Mervyn Peake was a writer, artist, poet and playwright, best-known for his gothic masterpiece, the Gormenghast Trilogy, and his stunning illustrations for Lewis Carroll's Alice in Wonderland. Maeve Gilmore was Mervyn Peake's wife. She edited several books pertaining to different aspects of Peake's work, and was an artist in her own right.
"About this title" may belong to another edition of this title.
Book Description Paperback. Book Condition: Good. The book has been read but remains in clean condition. All pages are intact and the cover is intact. Some minor wear to the spine. Bookseller Inventory # GOR001226873
Book Description Paperback. Book Condition: Fair. A readable copy of the book which may include some defects such as highlighting and notes. Cover and pages may be creased and show discolouration. Bookseller Inventory # GOR004130175
Book Description Penguin. Paperback. Book Condition: Fair. Bookseller Inventory # PL01342364B
Book Description Penguin, London, United Kingdom, 1981. Paperback. Book Condition: Fair. Fair: The book has marks and wear to covers but is in good readable condition. Paperback, 576 pages. Bookseller Inventory # 041898
Book Description Penguin, London, 1981. Soft Cover. Book Condition: Very Good. First Thus. Oversized trade paperback, 576 pages including many drawings, plus Plates; one light spine crease, scuff marks to edges, otherwise gently used, interior very clean and unmarked. Bookseller Inventory # 034645
Book Description Penguin UK. PAPERBACK. Book Condition: Very Good. 0140046291. Bookseller Inventory # DDD0007764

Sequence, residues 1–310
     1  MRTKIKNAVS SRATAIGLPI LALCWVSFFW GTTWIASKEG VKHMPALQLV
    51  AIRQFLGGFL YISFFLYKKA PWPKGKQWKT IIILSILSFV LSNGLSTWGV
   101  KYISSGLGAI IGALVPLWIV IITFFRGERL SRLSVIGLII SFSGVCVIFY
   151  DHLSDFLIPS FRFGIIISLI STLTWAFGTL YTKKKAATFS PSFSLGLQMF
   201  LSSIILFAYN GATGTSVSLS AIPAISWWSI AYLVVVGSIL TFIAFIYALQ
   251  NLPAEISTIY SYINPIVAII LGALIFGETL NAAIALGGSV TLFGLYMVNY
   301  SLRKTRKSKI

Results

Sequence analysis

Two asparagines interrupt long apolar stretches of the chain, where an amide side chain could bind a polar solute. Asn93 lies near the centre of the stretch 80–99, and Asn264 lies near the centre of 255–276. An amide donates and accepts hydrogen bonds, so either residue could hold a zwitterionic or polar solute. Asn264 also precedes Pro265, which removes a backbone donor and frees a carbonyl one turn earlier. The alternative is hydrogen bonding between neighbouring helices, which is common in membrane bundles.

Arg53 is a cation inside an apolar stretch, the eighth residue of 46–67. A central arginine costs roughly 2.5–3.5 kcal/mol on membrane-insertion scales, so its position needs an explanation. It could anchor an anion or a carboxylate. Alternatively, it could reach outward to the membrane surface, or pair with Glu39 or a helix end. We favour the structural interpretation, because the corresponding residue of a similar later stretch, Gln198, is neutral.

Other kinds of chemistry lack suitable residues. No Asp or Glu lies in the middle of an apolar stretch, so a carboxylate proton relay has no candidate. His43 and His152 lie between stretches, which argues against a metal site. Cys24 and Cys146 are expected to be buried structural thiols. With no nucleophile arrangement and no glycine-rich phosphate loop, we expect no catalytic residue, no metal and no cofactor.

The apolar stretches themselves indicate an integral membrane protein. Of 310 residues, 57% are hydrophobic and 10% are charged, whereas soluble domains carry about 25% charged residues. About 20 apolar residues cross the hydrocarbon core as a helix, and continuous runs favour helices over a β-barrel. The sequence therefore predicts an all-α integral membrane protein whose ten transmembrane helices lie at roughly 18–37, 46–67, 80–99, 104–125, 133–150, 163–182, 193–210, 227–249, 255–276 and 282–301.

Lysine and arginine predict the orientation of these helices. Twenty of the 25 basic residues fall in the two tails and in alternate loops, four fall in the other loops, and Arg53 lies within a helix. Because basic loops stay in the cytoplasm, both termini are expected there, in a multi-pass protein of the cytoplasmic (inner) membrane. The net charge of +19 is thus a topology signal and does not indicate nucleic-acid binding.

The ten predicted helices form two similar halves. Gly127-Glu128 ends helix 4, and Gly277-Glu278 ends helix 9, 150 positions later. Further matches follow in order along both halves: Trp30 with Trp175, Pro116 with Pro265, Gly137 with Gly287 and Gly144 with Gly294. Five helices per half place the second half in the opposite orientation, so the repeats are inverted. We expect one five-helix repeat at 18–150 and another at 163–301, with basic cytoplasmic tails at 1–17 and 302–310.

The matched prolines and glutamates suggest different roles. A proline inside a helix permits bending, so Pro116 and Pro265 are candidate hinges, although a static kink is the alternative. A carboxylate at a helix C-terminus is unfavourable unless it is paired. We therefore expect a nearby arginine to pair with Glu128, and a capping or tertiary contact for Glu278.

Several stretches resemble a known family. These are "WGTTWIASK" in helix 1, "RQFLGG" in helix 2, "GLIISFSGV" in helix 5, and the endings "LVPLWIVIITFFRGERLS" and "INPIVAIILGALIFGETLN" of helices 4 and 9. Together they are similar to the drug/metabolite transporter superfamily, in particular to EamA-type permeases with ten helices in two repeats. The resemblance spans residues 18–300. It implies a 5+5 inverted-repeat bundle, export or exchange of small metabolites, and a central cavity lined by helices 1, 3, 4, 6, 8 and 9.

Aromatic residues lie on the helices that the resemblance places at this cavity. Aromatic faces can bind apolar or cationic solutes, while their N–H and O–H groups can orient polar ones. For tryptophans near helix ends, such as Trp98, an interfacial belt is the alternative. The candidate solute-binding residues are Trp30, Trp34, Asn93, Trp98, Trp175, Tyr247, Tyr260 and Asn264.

Book Description Penguin Books, 1981. Soft cover. Book Condition: Good. The wraps are a bit shelf rubbed.Internally clean and tightly bound.EK. Bookseller Inventory # ml96
Book Description Penguin, 1981. Soft cover. Book Condition: Good. Cover clean with sunfading to rear sleeve otherwise with light use and light shelf wear with spine unbroken. Pages clean and unmarked with no folds or creases with all text free on annotations. Clean, tight, lightly used copy. Bookseller Inventory # 30-GN79-FLJB
Book Description Penguin Books Limited, London, England, 1981. Soft cover. Book Condition: Near Fine. 1st Edition. First Edition in softback published by Penguin Books in 1981 and in 'Near Fine' condition. Edited by Maeve Gilmore with an Introduction by John Watney. This book gathered good reviews from mainstream newspapers. Book measures in inches: 9.2 x 6.1. Numbered pages run to 576. As with all our sales of books within the UK, we only ever charge a flat standard delivery cost of £3.35. Bookseller Inventory # 001135
Book Description Penguin UK, 1981. Paperback. Book Condition: Very Good. Bookseller Inventory # P020140046291